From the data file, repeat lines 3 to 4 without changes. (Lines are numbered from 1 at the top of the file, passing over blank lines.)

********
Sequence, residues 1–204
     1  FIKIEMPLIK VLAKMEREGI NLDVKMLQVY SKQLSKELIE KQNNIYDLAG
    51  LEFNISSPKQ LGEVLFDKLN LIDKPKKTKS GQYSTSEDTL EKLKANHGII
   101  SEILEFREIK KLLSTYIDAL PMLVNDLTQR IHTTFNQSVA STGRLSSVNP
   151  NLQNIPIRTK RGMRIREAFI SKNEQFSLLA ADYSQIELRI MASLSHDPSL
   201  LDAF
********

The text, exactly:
    51  LEFNISSPKQ LGEVLFDKLN LIDKPKKTKS GQYSTSEDTL EKLKANHGII
   101  SEILEFREIK KLLSTYIDAL PMLVNDLTQR IHTTFNQSVA STGRLSSVNP